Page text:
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Brits Expect to be Living in Their Forever Home by the Age of 44

Thu 01 Oct 2015

New research has found that house buyers across the country expect to be living in their forever home by the time they turn 44. Older homeowners appear to be more sceptical however, with a third of people over the age of 55 saying they do not believe a forever home, in which you would live for the rest of your life, even exists.

The survey by Tepilo, Sarah Beeny’s estate agent, suggests that the average house buyer in Britain has a budget of £205,221 and will own on average two properties during their lifetime. Once homeowners reach the age of 44 they have had the chance to move up the property ladder and start a family and are then in the right position to take out a 20 year mortgage which can be repaid by the time they retire.

When it came to a purchasing partner, homeowners made a different decision depending on where in the country they were looking. People living in Wales were most likely to buy a property alone (35%), whereas those house hunting in the North East were least likely to make a solo purchase (3%).

Tepilo surveyed 2,001 people and out of them 65% said that location was their main consideration when buying a new house. Buyers looked for good transport links, close proximity to shops and amenities, and a low crime rate when considering a location.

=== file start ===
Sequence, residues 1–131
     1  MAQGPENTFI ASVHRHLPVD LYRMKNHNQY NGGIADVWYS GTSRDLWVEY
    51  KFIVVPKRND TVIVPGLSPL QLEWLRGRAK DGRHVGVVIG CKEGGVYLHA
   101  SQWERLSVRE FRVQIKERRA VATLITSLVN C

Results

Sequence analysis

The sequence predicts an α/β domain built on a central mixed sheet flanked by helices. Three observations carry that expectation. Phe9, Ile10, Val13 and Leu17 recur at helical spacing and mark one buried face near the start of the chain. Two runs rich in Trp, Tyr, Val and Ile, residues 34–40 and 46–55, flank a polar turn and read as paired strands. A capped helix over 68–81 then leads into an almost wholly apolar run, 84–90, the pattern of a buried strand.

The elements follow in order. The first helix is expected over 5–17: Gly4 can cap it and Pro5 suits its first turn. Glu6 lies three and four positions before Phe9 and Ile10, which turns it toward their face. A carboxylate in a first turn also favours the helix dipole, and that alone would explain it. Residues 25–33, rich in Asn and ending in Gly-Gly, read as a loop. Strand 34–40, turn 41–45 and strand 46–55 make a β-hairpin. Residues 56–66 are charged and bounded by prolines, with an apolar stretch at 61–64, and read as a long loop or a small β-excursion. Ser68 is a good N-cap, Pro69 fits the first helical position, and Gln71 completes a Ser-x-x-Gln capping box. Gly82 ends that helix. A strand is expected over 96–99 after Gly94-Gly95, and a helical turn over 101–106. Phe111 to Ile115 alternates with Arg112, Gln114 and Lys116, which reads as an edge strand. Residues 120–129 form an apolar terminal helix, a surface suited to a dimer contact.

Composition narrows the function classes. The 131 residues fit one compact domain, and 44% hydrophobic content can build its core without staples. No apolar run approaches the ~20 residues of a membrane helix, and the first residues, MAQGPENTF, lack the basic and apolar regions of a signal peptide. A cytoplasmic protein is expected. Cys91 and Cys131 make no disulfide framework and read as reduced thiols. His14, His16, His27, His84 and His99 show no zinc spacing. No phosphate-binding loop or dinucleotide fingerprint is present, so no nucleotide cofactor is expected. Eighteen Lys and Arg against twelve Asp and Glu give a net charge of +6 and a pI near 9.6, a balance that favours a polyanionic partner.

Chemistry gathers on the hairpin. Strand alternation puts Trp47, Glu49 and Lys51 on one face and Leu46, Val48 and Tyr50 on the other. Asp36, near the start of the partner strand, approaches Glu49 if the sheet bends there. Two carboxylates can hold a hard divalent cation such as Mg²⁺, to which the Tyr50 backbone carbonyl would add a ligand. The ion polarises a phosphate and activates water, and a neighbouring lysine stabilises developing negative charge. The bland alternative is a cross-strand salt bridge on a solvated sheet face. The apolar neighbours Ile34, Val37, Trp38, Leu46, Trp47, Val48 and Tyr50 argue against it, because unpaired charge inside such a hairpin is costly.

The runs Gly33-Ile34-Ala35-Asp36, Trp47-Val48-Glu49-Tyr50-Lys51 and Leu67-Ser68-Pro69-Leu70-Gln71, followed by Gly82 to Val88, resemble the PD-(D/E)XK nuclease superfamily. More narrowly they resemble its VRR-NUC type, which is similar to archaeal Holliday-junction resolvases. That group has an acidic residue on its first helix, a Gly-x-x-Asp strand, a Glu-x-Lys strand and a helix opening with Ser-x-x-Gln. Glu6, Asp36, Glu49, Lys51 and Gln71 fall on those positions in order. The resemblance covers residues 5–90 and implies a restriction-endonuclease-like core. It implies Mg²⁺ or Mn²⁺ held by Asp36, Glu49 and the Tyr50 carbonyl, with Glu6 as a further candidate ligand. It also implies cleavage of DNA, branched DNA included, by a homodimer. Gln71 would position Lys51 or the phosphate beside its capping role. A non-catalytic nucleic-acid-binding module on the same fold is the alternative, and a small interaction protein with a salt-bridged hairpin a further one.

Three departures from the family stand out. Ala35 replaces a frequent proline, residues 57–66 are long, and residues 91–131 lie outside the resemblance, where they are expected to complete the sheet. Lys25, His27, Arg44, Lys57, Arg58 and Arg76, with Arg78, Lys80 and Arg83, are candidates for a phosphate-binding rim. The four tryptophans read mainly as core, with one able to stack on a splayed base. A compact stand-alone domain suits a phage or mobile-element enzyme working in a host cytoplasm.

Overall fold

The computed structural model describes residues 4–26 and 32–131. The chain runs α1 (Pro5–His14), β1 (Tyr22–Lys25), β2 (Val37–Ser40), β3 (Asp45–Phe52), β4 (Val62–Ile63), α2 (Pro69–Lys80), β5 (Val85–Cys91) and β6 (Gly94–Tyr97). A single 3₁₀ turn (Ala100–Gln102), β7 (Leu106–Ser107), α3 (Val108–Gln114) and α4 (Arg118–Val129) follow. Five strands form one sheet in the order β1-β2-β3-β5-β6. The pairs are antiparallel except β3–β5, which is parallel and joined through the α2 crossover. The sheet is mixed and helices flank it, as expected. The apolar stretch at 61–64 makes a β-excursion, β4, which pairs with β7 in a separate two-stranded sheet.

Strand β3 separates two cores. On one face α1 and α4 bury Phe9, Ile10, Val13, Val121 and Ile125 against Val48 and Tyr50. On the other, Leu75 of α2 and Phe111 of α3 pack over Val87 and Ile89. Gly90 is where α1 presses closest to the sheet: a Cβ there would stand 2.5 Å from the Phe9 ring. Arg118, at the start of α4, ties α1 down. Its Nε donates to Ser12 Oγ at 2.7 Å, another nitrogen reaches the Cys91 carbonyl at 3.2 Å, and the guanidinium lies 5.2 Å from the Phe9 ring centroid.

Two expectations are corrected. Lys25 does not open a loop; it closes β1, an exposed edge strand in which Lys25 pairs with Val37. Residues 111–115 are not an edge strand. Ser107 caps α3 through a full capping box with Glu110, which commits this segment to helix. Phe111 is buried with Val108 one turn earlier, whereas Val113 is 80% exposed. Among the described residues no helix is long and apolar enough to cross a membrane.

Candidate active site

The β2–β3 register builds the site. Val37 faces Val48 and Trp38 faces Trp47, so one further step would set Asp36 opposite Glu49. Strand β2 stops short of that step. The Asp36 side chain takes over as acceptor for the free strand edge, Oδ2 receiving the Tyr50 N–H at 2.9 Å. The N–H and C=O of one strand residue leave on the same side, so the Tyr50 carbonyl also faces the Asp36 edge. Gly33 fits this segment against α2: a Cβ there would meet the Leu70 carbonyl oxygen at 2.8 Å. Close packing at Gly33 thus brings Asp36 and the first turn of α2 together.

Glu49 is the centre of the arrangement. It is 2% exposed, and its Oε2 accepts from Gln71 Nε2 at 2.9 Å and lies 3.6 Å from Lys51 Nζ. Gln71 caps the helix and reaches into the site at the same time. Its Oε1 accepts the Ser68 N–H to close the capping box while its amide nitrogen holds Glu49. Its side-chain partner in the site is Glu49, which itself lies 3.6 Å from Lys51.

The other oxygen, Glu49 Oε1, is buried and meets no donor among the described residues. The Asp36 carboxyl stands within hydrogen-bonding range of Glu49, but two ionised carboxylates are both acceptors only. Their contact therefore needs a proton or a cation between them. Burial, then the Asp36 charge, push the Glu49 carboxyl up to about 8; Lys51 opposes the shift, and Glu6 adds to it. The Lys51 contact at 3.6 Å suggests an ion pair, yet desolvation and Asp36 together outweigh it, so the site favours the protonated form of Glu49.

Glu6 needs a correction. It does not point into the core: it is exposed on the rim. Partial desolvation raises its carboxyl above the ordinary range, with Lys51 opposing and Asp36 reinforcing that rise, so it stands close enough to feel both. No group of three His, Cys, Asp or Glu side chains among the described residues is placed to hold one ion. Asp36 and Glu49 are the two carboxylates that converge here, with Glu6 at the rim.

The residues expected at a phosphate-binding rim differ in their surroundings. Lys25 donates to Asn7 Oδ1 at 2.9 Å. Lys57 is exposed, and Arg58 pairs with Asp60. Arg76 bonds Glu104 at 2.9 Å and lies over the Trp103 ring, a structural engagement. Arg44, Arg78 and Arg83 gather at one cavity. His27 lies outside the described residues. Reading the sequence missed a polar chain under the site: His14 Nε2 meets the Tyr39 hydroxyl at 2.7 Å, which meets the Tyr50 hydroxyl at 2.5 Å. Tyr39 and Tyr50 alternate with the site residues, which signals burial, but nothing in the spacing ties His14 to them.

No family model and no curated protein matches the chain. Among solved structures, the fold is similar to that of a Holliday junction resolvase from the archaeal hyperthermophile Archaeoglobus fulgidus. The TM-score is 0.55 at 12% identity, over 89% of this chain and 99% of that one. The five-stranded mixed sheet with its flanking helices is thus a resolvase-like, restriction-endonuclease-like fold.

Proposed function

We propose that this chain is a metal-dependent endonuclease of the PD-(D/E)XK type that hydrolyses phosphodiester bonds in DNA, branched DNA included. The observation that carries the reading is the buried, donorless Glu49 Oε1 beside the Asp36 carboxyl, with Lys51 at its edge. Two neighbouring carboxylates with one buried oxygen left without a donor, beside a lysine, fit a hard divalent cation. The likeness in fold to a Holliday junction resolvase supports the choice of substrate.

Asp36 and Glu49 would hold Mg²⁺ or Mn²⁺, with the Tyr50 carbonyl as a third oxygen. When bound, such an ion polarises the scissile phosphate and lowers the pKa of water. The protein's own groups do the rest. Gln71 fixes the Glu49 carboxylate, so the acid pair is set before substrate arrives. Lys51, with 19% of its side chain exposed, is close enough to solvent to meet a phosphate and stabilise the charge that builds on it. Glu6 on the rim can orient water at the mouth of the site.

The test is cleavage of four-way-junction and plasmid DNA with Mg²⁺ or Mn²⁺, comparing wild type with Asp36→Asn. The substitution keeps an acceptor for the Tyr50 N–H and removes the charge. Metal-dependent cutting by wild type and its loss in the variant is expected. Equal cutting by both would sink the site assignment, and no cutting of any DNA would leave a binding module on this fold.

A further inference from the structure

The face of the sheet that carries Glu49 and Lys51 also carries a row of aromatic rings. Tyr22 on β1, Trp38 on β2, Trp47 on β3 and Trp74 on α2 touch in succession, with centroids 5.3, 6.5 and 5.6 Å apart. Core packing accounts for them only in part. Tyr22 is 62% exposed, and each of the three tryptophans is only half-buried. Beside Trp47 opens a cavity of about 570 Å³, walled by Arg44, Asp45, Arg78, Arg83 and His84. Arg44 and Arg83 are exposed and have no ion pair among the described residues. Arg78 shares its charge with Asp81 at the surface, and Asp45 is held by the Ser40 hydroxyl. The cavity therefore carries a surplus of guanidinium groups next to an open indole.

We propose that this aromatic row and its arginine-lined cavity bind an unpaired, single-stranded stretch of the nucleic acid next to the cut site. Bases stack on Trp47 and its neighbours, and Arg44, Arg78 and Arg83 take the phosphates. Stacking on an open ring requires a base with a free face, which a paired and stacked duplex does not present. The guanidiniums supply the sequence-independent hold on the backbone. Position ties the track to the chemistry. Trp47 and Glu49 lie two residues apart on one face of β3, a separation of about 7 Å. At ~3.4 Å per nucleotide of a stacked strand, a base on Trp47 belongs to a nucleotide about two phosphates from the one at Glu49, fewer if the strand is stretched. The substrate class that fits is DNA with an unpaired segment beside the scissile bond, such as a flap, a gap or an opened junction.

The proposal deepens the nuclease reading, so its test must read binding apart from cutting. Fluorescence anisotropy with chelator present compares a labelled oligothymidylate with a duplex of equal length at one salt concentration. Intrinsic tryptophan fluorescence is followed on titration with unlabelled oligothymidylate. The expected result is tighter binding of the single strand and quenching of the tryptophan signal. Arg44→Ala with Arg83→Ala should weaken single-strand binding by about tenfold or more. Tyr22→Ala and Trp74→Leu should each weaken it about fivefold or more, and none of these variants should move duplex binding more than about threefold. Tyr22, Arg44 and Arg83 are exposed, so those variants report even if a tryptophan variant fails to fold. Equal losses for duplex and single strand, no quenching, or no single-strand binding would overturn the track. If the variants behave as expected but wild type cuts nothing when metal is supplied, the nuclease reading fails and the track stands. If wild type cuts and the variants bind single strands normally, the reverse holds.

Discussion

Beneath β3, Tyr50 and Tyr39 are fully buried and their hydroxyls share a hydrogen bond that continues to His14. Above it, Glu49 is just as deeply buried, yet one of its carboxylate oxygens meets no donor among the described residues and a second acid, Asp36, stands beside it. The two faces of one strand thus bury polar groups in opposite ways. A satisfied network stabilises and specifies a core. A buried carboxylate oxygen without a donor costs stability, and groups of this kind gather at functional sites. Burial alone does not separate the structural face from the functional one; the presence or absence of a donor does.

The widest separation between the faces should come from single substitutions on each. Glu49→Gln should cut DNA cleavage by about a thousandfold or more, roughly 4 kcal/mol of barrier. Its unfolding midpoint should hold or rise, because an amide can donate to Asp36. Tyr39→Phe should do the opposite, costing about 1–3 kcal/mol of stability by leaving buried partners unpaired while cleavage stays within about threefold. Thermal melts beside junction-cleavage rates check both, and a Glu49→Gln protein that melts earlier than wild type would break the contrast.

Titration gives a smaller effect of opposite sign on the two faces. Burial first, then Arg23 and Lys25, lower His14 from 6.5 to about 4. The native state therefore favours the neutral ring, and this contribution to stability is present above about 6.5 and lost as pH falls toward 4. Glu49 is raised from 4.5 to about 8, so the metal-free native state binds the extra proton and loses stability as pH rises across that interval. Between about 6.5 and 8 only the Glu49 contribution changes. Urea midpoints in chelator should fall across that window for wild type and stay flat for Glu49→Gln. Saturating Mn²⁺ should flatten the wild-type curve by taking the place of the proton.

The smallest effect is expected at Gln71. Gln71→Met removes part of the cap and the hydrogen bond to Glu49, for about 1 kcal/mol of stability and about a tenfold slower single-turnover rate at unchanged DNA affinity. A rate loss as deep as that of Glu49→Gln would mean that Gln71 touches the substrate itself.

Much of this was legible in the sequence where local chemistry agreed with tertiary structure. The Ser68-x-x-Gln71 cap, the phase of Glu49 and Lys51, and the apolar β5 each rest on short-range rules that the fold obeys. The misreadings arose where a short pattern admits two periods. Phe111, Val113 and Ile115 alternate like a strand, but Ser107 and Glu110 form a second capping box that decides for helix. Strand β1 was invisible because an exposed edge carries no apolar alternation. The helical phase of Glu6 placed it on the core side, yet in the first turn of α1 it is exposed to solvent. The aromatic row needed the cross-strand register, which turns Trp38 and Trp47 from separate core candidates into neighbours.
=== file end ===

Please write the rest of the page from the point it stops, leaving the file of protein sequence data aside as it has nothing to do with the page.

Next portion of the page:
The number of bedrooms a property has was second on the list when it came to house-buying priorities, and garden size was also very important. Approximately 19% of those asked actually said that having a downstairs toilet would be their top priority when house hunting.

The size of a garden is an important factor for 41% of buyers, and 31% say the overall layout is their main considerations. Many house buyers are family orientated and wanted somewhere close to loved ones – for 65% of people in the North East this was a crucial factor, but it dropped to just 22% in the South West.

Of those surveyed, a tenth of them said they would pay £30,000 more than a property’s asking price in order to secure their dream home. London residents said they would pay at least £10,000 over the asking price to close a deal on their ideal property.

Sarah Beeny, owner of Tepilo, said:

“We're a nation that's obsessed with property ownership, so it's interesting to see how buyers are behaving and to discover the differences across the UK and amongst different age groups.

“It's also interesting to see that Brits' love of investing in property is still going strong, a trend I expect will continue as people increasingly look for alternatives to traditional pensions.”

Around a third of people from this survey had purchased their property as an investment and while half of those had bought a property for their child to live in while they were studying at university, 24% had done so as an alternative to having a traditional pension.